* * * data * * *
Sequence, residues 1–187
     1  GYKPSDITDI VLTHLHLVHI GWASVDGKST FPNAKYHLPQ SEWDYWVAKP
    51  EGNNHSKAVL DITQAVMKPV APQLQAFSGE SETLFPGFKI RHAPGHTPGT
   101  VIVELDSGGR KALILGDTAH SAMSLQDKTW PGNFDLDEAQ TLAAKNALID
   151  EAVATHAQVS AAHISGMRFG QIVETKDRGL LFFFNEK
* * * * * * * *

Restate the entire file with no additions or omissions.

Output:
Sequence, residues 1–187
     1  GYKPSDITDI VLTHLHLVHI GWASVDGKST FPNAKYHLPQ SEWDYWVAKP
    51  EGNNHSKAVL DITQAVMKPV APQLQAFSGE SETLFPGFKI RHAPGHTPGT
   101  VIVELDSGGR KALILGDTAH SAMSLQDKTW PGNFDLDEAQ TLAAKNALID
   151  EAVATHAQVS AAHISGMRFG QIVETKDRGL LFFFNEK